Will local museum collections be valued in the future?

David Jubb, Issue 119/03, 01.03.2019
We need to let communities have more agency
Battersea Arts Centre (BAC) is in its infancy as a museum. We became custodian of the Wandsworth collection in 2016 and created the BAC Moving Museum, which moves around the building and the borough.

As an arts centre we are known for our producers who connect artists with communities. So we have been exploring how producers might inform our work as a museum. We think some of the most exciting museums often use producers.

In Battersea, we want everyone to share stories; to be inspired by our past to invent our future. We are inspired by the “Of/By/For All” movement which seeks to improve how organisations collaborate with their communities. In its words: “To involve people in meaningful, sustainable ways, you can’t just make programmes for them. You have to involve them in their creation. And that means becoming of and by them, too.”

But I’ve been struck by the number of gatekeepers the sector has – directors, curators and funders – who uphold a hierarchy which can sometimes keep people on the outside. This is evidenced by the fact that the standard invitation of most museums continues to be “would you like to join in with what we are already doing?” Rather than “what are you passionate about and how can we, and our collection, support your passion?”

I think we are trying to hold on to too much power. At BAC, collection care, accreditation and curatorial expertise have occasionally been held up as subtle barriers to progress; as reasons against inviting people in to have more agency. This is where the role of the producer has value – because a producer’s instinct is driven by the interests of an audience. By starting with people and discovering their desires, could we also open up a new role for our collections?

As an arts organisation, when we started working with Contact and People’s Palace Projects on The Agency, an initiative to develop entrepreneurial ideas, we asked young people what they cared about. Their ideas brought us to areas we had never considered – from natural-hair workshops for young black women to bicycle mechanic training for ex-offenders. The approach is transforming our relationship with our community. There is still a long way to go, but BAC is starting to better reflect its community.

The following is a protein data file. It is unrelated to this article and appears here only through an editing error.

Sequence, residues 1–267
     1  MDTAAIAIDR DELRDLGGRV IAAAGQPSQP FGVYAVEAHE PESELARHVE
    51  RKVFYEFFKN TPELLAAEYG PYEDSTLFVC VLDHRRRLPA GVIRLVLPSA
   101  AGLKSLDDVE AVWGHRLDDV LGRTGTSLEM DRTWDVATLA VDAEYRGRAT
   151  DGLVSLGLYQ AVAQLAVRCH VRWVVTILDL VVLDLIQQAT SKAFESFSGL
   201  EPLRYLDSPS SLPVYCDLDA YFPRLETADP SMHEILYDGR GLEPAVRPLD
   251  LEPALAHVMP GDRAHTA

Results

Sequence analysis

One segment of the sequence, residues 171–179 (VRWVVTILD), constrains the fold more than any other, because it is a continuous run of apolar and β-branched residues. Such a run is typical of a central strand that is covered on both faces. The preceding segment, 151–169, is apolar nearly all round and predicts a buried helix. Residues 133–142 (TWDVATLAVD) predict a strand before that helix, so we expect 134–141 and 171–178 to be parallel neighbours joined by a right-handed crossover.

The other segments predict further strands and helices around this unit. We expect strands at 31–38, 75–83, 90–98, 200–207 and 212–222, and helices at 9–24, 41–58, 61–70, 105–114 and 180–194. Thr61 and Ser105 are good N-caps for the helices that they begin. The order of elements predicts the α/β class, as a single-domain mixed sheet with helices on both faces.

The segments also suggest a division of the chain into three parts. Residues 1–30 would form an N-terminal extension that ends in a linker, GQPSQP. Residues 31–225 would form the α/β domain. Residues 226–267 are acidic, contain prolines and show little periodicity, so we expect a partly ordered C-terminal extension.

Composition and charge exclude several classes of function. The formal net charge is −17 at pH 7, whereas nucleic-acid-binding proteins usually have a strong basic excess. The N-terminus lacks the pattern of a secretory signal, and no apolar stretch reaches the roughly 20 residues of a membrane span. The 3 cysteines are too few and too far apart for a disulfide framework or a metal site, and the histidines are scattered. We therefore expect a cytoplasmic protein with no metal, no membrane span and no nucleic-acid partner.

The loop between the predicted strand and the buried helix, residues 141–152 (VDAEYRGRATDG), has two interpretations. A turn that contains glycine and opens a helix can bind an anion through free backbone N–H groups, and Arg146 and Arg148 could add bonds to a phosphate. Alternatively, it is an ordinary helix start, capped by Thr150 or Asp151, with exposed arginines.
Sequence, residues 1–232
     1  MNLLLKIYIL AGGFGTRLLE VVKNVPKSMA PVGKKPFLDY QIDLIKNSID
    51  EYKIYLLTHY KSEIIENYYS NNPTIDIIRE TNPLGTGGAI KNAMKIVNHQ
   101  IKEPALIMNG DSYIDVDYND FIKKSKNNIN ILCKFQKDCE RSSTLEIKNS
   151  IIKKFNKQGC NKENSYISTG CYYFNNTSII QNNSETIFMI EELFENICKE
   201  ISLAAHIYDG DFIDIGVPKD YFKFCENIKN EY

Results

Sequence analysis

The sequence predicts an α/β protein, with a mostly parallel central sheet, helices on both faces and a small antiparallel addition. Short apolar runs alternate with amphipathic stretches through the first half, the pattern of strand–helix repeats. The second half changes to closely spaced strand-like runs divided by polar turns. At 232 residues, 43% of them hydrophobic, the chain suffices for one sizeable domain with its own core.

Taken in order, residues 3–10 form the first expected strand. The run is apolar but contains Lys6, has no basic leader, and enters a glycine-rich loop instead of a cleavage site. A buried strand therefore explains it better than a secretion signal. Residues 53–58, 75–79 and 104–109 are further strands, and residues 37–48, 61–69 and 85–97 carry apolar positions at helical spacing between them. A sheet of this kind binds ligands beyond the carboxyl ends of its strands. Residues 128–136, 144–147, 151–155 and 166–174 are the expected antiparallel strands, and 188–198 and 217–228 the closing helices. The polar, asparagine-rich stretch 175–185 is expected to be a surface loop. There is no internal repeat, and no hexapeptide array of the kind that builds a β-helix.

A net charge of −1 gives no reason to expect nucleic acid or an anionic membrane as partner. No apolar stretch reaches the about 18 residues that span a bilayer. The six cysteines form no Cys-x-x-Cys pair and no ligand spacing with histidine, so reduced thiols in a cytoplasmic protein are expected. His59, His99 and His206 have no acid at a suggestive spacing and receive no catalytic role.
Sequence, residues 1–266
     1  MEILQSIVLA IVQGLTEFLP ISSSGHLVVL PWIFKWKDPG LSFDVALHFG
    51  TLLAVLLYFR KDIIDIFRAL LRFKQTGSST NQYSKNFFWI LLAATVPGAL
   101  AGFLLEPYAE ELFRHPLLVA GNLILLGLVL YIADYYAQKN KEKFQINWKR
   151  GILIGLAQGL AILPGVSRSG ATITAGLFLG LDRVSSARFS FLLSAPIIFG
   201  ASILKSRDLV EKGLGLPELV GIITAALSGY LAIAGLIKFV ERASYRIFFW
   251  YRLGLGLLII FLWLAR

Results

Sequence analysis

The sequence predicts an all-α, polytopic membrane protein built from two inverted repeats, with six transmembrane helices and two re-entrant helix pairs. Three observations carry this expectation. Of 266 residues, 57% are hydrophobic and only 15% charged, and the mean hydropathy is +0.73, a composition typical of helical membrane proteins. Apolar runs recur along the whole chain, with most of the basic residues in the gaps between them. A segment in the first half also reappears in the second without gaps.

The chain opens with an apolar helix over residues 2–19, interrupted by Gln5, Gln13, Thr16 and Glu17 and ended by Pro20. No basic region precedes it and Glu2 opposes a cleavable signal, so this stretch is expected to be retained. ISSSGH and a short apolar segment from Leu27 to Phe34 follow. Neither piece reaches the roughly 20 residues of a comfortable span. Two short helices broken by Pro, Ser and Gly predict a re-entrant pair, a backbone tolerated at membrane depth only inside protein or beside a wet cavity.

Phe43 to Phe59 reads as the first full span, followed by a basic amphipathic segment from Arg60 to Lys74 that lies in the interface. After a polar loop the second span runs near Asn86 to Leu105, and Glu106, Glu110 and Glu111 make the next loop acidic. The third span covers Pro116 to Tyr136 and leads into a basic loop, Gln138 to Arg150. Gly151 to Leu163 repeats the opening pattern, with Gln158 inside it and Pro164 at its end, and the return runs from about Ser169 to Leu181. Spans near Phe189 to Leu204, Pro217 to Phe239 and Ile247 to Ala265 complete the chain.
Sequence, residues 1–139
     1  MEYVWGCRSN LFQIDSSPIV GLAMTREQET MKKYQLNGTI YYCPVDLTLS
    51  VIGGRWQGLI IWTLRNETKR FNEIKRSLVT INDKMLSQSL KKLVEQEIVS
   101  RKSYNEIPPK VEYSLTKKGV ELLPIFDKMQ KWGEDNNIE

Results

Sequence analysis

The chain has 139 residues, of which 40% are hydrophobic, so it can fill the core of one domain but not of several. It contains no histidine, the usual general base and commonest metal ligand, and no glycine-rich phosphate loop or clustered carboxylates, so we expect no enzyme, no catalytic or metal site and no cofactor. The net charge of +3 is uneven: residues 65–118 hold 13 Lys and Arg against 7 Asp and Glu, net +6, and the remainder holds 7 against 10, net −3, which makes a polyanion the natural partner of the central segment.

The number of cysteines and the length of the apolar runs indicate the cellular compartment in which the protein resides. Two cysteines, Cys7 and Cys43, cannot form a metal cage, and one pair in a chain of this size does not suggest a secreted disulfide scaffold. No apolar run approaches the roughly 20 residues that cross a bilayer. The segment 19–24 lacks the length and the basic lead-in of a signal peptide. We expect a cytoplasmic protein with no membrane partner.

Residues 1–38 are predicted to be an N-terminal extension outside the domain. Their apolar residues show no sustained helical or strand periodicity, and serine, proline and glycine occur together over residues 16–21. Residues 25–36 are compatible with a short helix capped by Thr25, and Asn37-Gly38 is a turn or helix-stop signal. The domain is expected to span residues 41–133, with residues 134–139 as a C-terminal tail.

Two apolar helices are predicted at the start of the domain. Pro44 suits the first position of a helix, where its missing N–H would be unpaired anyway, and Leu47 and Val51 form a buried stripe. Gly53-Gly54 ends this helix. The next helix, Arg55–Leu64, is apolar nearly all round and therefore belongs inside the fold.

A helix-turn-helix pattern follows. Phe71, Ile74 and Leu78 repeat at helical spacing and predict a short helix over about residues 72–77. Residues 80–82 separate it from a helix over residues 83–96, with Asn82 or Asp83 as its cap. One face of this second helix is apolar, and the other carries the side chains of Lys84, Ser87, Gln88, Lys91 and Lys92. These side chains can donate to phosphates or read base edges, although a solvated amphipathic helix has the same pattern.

What might the equivalent be in a museum? We are growing an idea called The Activists, which will ask people what they want to change in their community and whether the Wandsworth collection could help them make that change. Could the collection help adults with special educational needs to have a louder voice in local politics? Could it support younger and older people to come together to effect change? What might we learn about our collection by seeing it through the lens of people’s own passions?

Because if our collections are not of real value to communities now, they may not survive for future generations.

David Jubb is the outgoing artistic director and chief executive officer of Battersea Arts Centre, London

Comments

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15.03.2019, 11:49
"collection care, accreditation and curatorial expertise have occasionally been held up as subtle barriers to progress"

Then they've been used as a scapegoat - an excuse. I don't see the logic that maintaining collections care should be at the expense of community engagement, or vice versa.

Can we just stop the 'curators are stuffy gatekeepers' stereotype? Please? It's not the 70s anymore, it's divisive and unproductive. If a curator isn't working to engage broader audiences with their collections, they're not doing their job very well. Curators aren't the gate, they're the key.
21.03.2019, 12:26
I would love to have a chat with David Jubb about his comment. There is a world of curation within and without museums where his view of gatekeeping, for example, just doesn’t hold true. The idea of audience or community-led work with collections is not new and if you look back at museum history you would see this. That isn’t to say there isn’t a problem with power and the precendence of hierarchy and mislaid protocol in our organisations. But this is a governance and organisational habit problem rather than a territorial issue when it comes to collections. I would be pleased to discuss further as you raise some important points.